Jordanian search teams pulled the bodies of three suspected terrorists from the rubble of their hideout, a government official said Sunday, hours after assailants opened fire and set off explosions that killed three members of the security forces trying to storm the building.
No group immediately took responsibility.
Jordan has played a key role in the US-led coalition fighting the Islamic State group in Syria and Iraq, using its air force against the jihadists and allowing coalition forces to use its bases.
Security forces gather near a damaged building at the city of Salt, Jordan, August 12, 2018.
Four security personnel were killed during the operation after the suspected militants sought sanctuary in the multi-storey building in Salt, a hillside city, the government said.
Twenty people were also injured, when a building collapsed during the raid, according to Al-Arabiya.
Government spokeswoman Jumana Ghunaimat told the state news agency Petra that three suspects had been arrested so far in an operation that was still underway against a cell hiding in a building in the centre of hillside Salt city, about 30 km (18 miles) west of Amman. In December 2016, a shootout at a Crusader castle in the southern town of Karak left 14 people dead, including seven members of the security forces, four attackers and three civilians.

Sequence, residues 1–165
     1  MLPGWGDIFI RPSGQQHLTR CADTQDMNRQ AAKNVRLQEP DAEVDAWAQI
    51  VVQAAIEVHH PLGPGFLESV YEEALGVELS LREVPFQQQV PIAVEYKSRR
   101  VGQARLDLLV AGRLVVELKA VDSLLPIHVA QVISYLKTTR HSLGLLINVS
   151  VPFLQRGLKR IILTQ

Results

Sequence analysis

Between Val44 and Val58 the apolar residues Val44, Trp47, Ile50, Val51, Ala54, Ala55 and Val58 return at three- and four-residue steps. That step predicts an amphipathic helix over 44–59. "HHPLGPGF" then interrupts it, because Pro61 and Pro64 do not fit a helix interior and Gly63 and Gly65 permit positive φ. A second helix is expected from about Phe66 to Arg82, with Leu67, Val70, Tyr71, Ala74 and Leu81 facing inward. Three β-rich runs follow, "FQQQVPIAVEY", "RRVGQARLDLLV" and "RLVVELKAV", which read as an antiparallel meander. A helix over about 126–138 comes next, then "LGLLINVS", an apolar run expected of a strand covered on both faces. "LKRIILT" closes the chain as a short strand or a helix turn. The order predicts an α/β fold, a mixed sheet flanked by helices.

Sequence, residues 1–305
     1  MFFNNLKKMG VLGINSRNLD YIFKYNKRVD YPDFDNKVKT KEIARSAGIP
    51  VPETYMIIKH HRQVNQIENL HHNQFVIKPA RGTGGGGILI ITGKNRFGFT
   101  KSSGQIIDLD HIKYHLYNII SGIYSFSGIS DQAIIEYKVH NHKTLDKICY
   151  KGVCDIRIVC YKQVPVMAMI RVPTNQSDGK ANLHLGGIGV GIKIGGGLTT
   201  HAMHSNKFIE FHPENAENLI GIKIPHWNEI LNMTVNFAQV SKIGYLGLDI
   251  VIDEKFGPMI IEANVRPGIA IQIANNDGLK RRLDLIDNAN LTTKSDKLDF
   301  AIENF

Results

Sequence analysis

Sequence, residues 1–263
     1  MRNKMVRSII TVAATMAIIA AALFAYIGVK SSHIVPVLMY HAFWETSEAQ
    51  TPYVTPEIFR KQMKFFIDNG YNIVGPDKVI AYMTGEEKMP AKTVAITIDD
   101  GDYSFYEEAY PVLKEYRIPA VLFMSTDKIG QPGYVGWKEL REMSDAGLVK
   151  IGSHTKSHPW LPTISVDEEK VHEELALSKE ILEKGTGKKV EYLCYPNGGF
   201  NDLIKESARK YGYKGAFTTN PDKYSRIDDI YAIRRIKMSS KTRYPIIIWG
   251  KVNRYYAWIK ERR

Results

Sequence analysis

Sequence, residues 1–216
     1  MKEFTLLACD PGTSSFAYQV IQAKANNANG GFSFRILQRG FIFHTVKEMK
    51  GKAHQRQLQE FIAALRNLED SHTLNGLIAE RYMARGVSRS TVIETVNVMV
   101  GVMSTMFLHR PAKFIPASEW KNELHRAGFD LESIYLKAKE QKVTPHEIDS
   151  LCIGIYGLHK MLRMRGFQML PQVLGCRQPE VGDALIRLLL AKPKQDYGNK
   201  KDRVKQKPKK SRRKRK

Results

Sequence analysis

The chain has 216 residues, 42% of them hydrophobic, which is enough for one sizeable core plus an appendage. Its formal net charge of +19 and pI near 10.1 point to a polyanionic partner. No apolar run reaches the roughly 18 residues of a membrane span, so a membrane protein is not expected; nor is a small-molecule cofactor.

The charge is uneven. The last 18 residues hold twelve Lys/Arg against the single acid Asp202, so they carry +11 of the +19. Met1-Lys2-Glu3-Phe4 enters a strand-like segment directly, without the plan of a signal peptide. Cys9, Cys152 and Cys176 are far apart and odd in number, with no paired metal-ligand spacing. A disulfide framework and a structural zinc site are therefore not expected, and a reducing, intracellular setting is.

On Friday, a bomb was planted under a police vehicle providing security at a music festival in the town of Fuheis.
The minister added that a special team demolished the remaining parts of the building "because it is too unsafe to be around it".
On Saturday, Prime Minister Omar al-Razzaz vowed that Jordan would "not be complacent in the hunt for terrorists".
Ghneimat said that the security forces raided the house in Salt after receiving a tip-off.
The United States "strongly condemned" the attacks against Jordanian security forces in Al-Fuhais and in Salt, in a statement released Sunday by its Amman embassy.
Security forces have been extra vigilant since the start of this year with warnings that sympathisers of Islamic State could launch revenge attacks after the militants were driven out of most of the territory they once controlled in Syria and Iraq.